STORY WRITTEN BY ROB NAGY
For Digital First Media
An integral member of the British Invasion, pop duo Peter and Gordon, attained international prominence in 1964 with their million-selling number one single “A World Without Love.”
“I was a student at a University, reading philosophy, and suddenly we come up with a number one record all over the world,” recalled Peter Asher, of Peter and Gordon, from his home in Connecticut. “I got a one year absence from the university to pursue this aim that we assumed would be short term, and, of course, I’m still on that one year leave of absence. I never went back and got my degree.”
Between 1964 and 1967, Peter and Gordon released 11 albums yielding an impressive string of hit records, including “Nobody I Know” (1964), “I Don’t Want To See You Again” (1964), “I Go To Pieces” (1964), Buddy Holly’s “True Love Ways” (1965), “To Know You Is To Love You” (1965), “Baby I’m Yours” (1965), “Woman” (1965) and “Lady Godiva” (1966), their last charting song in Britain.
Their success spilled over into America in 1967 with the singles “Knight in Rusty Armor” and “Sunday for Tea,” which both made Billboard’s Hot 100.
“What was exciting for us was getting to go to America for the first time,” Asher said. “The key thing people forget now is that Britain and America were really far apart then. Nobody had been to America until the Beatles. You never got to go. That was the land of dreams. That was the land where the music we loved came from, so to get to go there was thrilling.”
“Being greeted by screaming girls trying to tear your clothes off was even better,” he added. “It was just a whirlwind of fun. We just had a great time.”
Following his days as a member of Peter and Gordon, Asher became head of A&R for the Beatles’ Apple Records.
“I was in charge of who we signed and what records they did,” Asher said. “I had my weekly A&R meeting with the Beatles. We signed a few very good acts, and then I found a very good act myself that I brought in and I signed. That was James Taylor. That began the next leg of my career when we left Apple.“
Asher ended up in California as a record producer and manager for James Taylor and Linda Ronstadt. Throughout the 70’s and 80’s he added Joni Mitchell and Carole King to his stable of stars.
“When I met James, I started producing his records,” Asher said. “I’d always wanted to be a record producer. I loved the process in the studio. So, given the opportunity, that was something that I knew that I wanted to do. By then I was his manager and there was no one else attracted to do it. We gradually moved to America, and once that took off, that made me a genuine manager.”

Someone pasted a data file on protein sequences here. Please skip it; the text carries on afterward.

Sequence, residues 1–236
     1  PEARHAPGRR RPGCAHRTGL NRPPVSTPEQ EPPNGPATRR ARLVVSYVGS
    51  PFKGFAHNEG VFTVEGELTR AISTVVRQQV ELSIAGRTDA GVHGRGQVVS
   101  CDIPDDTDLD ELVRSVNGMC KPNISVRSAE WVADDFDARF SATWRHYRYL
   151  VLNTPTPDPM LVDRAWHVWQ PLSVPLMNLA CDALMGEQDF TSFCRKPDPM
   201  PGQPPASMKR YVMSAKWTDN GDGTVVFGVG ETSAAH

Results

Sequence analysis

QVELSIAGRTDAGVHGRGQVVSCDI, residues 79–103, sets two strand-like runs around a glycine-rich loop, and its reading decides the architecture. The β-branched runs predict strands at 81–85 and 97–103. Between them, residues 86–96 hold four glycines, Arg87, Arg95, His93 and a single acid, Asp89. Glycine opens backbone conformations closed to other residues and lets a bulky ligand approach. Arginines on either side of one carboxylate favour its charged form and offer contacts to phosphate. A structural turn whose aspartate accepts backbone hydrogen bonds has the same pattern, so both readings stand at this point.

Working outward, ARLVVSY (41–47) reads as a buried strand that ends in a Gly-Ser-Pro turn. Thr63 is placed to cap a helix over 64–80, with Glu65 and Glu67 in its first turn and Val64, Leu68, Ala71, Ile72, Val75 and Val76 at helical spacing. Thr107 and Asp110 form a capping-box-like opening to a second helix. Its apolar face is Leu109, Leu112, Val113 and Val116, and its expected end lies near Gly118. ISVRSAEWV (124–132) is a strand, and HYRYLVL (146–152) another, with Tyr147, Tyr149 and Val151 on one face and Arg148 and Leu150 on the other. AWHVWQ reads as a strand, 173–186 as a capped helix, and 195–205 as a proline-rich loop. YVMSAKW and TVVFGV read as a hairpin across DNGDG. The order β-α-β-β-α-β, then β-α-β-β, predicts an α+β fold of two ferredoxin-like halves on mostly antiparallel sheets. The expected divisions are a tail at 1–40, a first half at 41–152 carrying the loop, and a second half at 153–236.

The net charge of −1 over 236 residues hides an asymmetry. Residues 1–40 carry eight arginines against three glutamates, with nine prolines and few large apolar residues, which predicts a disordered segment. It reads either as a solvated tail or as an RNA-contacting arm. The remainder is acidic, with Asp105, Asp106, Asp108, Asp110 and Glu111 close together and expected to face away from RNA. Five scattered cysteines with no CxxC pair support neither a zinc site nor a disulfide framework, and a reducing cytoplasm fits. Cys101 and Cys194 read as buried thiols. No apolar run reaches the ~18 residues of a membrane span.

In 2005, Peter and Gordon reunited for the first time in decades as a part of a pair of tribute concerts for The Dave Clark Five’s Mike Smith in New York City. Appearances at Beatle conventions transpired the following year.
Peter and Gordon performed at the Love-In: A Musical Celebration, a tribute to the music of the 1960s, and the Flower Power concert series at Disney’s EPCOT in Florida, both in 2007.
Their last performance was at the 50 Winters Later celebration in February 2009, which commemorated the 50th anniversary of the death of Buddy Holly, Ritchie Valens and the Big Bopper. This was held in Clear Lake, Iowa, at the Surf Ballroom. Months later, Gordon Waller died of a heart attack at the age of 64.
“I knew he wasn’t very well,” Asher recalled. “It was very sad. I miss him, of course. He was a wonderful musician and a good friend. He was someone I really admired and really liked, so I was profoundly sad when he died.”
Recently, Asher, who continues to work tirelessly in the music business, has been given the opportunity to participate both as MC and a performer in this year’s British Invasion concert tour. Featuring Billy J. Kramer, Chad and Jeremy, The Searchers, Denny Laine, Terry Sylvester and, of course, Peter Asher, the concert delves back into one of the most profound periods in rock history.
“This is a show that’s a combination of various surviving British Invasion leftovers, like me,” Asher said. “It’s the old songs done by the real people who were in those bands. We just have a real good time.“
“I don’t think anyone is officially the headliner,” he added. “There have been no arguments about who opens or closes. It’s just not that kind of venture. It’s very collaborative by nature, and that’s what makes it fun. It’s a walk down memory lane. It’s a joyful one. We were all very happy that we were part of that. If you are of a certain age, then that era, as it does for me, reminds us of all kinds of great stuff- the songs of your life and how much fun you were having. That’s why I think there is a certain appeal to just hearing these songs again and doing them by the people who were actually there and the bands that sang them. People are re-living their youth through the music.”
Reflecting back on more than 50 years in the music business, Asher takes nothing for granted while continuing to work toward what may be his crowning achievement.
“I’ve enjoyed so much of what I’ve experienced,” Asher reflected. “I couldn’t pick a favorite. So many moments! My greatest excitement may be in my future, who knows? I try to grab every opportunity that comes my way and do my best. I’ve been very lucky that I’ve been successful at it.”
IF YOU GO: The British Invasion concert tour comes to the American Music Theatre, 2425 Lincoln Highway East, Lancaster, PA 17605, on Friday, Feb. 27, 2015 at 7:30 p.m. Tickets can be purchased online at www.amtshows.com or by calling
800-648-4102 or 717-397-7700.